PR: Written consent of chair and a 2.7 grade point average in biology. (May be repeated for a maximum of 6 credit hours.) Individual laboratory or field experiments supervised by a faculty member.

BIOL 393A-C. Communicating Natural Science. 1-6 Hours.

BIOL 409. Biochemical Basis of Therapeutics. 3 Hours.

PR: BIOL 219. This course explores the process of drug discovery and development. The topics emphasized include the biological factors that determine success, failure, or limitation of therapeutics. Other topics include, specific therapeutic areas and regulation.

BIOL 410. Cell and Molecular Biology Methods. 3 Hours.

PR: BIOL 219. Introduction to the theory, application, ethic and economics of biotechnologies.

BIOL 411. Introduction to Recombinant DNA. 4 Hours.

PR: BIOL 219. An introductory course covering the basic principles and techniques of recombinant DNA technology, includes molecular cloning, isolation of plasmid DNA, agarose/acrylamide gel electrophoresis, restriction enzyme mapping, nucleic acid hybridization, and DNA sequencing.

BIOL 413. Molecular Endocrinology. 3 Hours.

PR: BIOL 219. Hormonal action is discussed at the cellular and molecular levels. Topics include hormone production and regulation, receptor kinetics and activation, and receptor output.

BIOL 414. Molecular Endocrinology-Laboratory. 1 Hour.

CoReq: BIOL 413. Experimental techniques used to study hormones and receptors.

BIOL 415. Epigenetics. 3 Hours.

PR: BIOL 219 or consent. Explores the molecular mechanisms, phenotypic phenomena and current applications of epigenetics and the study of how genetic information is used and maintained.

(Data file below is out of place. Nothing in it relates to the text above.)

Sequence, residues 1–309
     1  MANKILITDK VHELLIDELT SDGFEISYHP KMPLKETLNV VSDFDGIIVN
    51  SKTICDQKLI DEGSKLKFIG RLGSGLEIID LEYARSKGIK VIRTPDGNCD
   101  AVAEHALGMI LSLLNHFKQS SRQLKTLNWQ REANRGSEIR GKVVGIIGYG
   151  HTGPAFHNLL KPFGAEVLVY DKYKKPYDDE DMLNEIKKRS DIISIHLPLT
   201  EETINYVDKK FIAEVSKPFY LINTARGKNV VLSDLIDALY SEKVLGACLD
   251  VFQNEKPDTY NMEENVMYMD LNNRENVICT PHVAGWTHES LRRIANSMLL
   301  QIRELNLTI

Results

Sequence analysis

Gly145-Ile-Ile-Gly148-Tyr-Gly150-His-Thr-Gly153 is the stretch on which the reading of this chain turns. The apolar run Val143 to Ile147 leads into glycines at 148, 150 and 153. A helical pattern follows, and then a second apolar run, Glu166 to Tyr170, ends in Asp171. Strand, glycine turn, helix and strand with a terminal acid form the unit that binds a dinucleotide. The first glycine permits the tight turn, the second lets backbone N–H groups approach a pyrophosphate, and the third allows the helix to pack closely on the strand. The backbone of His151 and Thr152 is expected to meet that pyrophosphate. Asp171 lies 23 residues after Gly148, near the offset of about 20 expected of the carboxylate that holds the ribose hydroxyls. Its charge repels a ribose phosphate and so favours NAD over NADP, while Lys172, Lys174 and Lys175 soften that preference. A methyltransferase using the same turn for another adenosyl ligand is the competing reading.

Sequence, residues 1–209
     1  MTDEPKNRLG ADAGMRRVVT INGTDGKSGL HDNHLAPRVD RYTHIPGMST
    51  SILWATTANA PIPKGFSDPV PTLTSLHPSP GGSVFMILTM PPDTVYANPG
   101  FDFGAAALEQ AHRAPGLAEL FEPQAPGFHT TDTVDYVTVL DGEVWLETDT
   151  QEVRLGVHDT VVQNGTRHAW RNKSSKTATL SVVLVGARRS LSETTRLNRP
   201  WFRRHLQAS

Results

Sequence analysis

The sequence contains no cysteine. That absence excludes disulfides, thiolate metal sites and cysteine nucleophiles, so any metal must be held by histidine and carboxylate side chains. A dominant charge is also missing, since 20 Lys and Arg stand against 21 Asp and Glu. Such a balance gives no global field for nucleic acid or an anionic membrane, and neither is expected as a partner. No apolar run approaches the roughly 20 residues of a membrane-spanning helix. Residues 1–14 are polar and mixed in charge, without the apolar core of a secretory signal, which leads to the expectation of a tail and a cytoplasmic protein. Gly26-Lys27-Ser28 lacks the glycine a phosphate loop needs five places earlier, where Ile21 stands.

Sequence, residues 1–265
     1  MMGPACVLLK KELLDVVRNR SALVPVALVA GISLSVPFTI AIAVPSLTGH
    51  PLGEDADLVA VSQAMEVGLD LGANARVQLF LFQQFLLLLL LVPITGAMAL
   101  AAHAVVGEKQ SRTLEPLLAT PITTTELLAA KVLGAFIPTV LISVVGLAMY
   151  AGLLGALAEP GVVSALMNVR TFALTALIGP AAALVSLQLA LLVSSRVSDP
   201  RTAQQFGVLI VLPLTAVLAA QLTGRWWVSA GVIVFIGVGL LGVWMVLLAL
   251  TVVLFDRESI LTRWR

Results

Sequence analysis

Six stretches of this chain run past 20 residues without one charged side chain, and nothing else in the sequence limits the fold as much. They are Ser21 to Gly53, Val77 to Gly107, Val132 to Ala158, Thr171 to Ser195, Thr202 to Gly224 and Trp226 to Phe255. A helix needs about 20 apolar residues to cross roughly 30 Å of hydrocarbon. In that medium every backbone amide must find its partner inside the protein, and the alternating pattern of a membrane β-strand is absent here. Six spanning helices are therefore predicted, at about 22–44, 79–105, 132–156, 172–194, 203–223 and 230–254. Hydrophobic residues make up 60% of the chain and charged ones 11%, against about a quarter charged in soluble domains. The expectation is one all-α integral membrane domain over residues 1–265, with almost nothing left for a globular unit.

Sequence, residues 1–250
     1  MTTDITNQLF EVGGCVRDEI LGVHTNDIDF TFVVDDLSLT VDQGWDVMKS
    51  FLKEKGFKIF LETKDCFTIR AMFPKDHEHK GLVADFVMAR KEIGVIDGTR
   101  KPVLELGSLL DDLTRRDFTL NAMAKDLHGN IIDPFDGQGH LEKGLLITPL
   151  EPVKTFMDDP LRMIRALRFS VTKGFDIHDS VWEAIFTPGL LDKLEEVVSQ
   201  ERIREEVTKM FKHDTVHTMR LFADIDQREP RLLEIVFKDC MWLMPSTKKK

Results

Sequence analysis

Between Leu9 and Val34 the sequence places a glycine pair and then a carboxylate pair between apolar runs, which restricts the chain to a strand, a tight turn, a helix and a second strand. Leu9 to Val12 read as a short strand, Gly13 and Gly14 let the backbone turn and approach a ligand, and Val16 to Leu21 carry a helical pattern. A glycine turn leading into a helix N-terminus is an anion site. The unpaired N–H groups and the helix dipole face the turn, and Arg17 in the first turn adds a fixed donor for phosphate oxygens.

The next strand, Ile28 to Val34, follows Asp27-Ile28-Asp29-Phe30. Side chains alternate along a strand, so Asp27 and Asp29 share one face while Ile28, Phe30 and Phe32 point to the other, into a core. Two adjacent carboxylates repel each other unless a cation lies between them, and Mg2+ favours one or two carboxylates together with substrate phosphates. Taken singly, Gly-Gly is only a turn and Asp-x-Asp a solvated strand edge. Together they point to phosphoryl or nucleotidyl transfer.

BIOL 418. Medical Genetics. 3 Hours.

PR: BIOL 219. The use of genetic principles to uncover biological mechanisms of both inherited and infectious diseases. The role of the human genome. The evolution of genetic diseases and the impact on human populations. Genetic medicine and current medical treatments.

BIOL 420. Genomics. 3 Hours.

PR: BIOL 219. Advanced elective examining biology and evolution on a genome-wide scale. Topics include fields of study and methods of DNA sequence acquisition and annotation, including exploration of the human genome and its contribution to disease discovery.

BIOL 422. Current Topics in Genome Biology. 1 Hour.

PR: BIOL 219. Exploration of modern topics in genomics research through interactive discussion of current literature. Students learn approaches to critical evaluation of manuscripts while exploring current research in this rapidly growing field. The course is organized around student-led discussions of manuscripts selected by the class. Undergraduate students are paired with graduate students to facilitate interpretation of complex material.

BIOL 423. Biochemistry of Nucleic Acids and Proteins. 3 Hours.